“We are glad the court has put a stop to EPA’s pattern of setting impossible mandates for a biofuel that does not even exist. This absurd mandate acts as a stealth tax on gasoline with no environmental benefit that could have ultimately burdened consumers,” API Group Downstream Director Bob Greco said in a Friday statement.

See on thehill.com

EU faces fresh calls to strengthen biofuel rules

See on Scoop.itGreen Energy Technologies & Development

Greenpeace-backed report argues EU can meet green transport targets without relying on controversial land-based biofuels

Duane Tilden‘s insight:

NGOs are increasingly fearful that member states’ efforts to meet the targets through an increase in the use of biofuels will have a negligible impact on greenhouse gas emissions and in some cases could lead to increased emissions as companies source biofuels made from food and energy crops that are alleged to have contributed to deforestation and food price inflation.

The EU Commission has acknowledged the risk and last year proposed a new limit on the use of biofuels made from food crops that would ensure such fuels could only count towards half of the 10 per cent target for renewable fuel use.

The proposals have encountered lobbying from some member states who have argued the binding 10 per cent goal cannot be met if limits are placed on the use of biofuels made from food crops.

But the CE Delft report argues the targets can be met through greater investment in fuel efficiency measures, waste and residue-based biofuels, and electric vehicles, alongside tighter rules to phase out the use of biofuels made from land-based food or energy crops.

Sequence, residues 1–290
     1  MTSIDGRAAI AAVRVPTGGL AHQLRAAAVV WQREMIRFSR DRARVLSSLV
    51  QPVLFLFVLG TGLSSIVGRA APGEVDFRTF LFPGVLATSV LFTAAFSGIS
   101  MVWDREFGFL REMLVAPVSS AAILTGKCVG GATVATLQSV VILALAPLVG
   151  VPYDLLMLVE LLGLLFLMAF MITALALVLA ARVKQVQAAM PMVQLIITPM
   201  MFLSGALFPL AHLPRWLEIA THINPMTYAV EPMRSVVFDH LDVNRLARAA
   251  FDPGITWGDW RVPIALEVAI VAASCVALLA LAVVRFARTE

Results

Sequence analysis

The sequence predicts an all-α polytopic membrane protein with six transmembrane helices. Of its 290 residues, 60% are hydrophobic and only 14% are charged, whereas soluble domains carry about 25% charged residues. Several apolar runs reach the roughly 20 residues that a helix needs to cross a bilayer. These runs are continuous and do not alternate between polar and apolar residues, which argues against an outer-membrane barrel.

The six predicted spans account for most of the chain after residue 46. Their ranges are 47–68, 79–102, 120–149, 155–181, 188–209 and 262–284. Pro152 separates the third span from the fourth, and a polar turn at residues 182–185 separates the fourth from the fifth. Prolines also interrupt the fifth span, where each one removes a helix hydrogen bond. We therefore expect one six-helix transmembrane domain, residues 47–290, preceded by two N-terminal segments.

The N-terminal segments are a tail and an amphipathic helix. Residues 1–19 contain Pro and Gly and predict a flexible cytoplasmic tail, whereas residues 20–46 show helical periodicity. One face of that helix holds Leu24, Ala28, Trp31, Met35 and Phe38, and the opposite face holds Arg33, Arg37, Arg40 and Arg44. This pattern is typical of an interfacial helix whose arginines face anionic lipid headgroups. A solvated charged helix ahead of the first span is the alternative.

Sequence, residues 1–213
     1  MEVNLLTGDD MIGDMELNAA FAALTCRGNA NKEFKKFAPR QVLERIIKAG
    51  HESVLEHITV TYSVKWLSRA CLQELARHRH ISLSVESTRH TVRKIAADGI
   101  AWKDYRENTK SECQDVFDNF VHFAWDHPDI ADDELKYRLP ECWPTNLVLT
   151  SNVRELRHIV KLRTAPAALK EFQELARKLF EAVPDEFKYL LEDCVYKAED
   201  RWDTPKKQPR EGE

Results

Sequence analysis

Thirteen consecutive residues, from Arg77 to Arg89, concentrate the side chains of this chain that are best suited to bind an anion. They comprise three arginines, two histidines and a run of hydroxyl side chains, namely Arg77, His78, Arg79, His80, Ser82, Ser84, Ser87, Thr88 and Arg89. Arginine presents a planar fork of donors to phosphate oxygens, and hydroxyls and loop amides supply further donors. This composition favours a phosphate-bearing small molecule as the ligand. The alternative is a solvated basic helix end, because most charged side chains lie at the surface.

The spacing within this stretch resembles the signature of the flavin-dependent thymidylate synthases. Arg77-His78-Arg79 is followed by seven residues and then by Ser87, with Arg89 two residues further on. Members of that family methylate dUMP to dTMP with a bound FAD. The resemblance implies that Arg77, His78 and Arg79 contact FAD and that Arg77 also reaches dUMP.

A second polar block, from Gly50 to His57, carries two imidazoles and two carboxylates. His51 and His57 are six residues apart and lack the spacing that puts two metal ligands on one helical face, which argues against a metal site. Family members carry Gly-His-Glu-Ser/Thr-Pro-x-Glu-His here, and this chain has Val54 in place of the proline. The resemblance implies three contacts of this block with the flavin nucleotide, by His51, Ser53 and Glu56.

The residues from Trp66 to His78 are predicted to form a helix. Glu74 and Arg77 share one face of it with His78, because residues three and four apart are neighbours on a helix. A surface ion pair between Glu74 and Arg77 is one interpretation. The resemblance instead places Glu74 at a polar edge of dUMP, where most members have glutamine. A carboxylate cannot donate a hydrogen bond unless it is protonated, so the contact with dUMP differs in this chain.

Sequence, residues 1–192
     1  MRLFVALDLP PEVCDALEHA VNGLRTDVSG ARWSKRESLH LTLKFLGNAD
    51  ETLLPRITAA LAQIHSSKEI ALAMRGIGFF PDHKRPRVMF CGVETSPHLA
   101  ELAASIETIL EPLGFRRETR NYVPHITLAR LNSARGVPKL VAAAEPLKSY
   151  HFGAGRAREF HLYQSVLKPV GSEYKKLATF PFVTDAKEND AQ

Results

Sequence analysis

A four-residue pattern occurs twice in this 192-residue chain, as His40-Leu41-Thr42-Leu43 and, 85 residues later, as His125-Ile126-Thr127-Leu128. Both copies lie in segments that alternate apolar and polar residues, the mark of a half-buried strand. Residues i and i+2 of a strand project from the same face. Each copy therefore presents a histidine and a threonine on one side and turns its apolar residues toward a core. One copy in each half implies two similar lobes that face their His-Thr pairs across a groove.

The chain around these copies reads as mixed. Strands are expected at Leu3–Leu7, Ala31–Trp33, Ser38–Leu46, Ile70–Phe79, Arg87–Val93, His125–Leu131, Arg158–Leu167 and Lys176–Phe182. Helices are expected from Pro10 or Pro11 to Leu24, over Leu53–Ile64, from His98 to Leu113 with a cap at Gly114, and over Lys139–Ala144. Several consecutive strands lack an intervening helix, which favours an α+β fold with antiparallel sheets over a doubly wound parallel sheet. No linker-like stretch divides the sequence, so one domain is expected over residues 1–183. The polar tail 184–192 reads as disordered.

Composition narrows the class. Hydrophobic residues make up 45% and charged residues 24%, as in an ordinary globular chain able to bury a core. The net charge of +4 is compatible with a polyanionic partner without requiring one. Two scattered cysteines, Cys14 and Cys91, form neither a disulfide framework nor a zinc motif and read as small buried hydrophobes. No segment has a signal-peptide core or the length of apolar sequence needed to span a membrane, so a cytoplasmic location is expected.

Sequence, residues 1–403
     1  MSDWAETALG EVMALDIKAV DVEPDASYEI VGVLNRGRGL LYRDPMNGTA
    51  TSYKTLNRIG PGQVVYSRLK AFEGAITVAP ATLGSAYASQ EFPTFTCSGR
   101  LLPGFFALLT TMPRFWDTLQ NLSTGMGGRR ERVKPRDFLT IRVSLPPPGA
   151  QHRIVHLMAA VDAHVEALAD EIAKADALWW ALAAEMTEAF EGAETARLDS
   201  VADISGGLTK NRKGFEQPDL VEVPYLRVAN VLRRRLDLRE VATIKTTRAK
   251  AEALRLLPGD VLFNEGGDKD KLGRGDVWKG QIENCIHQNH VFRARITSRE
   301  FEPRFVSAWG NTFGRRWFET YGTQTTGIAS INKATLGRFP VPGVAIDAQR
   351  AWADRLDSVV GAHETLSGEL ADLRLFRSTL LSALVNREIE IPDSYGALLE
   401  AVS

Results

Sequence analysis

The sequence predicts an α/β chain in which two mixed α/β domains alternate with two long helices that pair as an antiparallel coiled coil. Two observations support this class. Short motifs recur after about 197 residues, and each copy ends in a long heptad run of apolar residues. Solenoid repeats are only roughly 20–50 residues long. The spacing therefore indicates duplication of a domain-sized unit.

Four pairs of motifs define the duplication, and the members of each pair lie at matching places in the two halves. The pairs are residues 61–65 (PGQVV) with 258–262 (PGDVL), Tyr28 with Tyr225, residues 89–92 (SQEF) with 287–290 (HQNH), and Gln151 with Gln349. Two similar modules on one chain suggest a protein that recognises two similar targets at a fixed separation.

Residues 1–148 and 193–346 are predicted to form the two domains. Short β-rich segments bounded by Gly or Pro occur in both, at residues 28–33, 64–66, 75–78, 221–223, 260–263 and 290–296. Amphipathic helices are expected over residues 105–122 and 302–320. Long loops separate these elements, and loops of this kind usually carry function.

See on www.businessgreen.com

Could Some Midwest Land Support New Biofuel Refineries?

See on Scoop.itGreen Energy Technologies & Development

Millions of acres of marginal farmland in the Midwest — land that isn’t in good enough condition to grow crops — could be used to produce liquid fuels made from plant material, according to a study in Nature. And those biofuels could, in theory, provide about 25 percent of the advanced biofuels required by a 2007 federal law.

Duane Tilden‘s insight:

But some researchers in the field aren’t convinced the resource is nearly that big. Adam Liska at the University of Nebraska in Lincoln says a lot of this acreage is in the Great Plains, which wouldn’t produce a reliable crop year after year.

“One year you may have high rainfall and high crop yields and be able to sustain your facility, [but] the next year you may have a drought,” Liska says.

Indeed, Brent Erickson […] says nobody has plans just yet to use this kind of plant material to make biofuels. […]

“Every region of the country has some form of biomass — so the Northwest would have sawdust and wood waste; the California area might have rice straw or wheat straw, … Refiners in the Midwest are looking at corn cobs, and a plant that’s actually operating in Florida uses dead citrus trees.”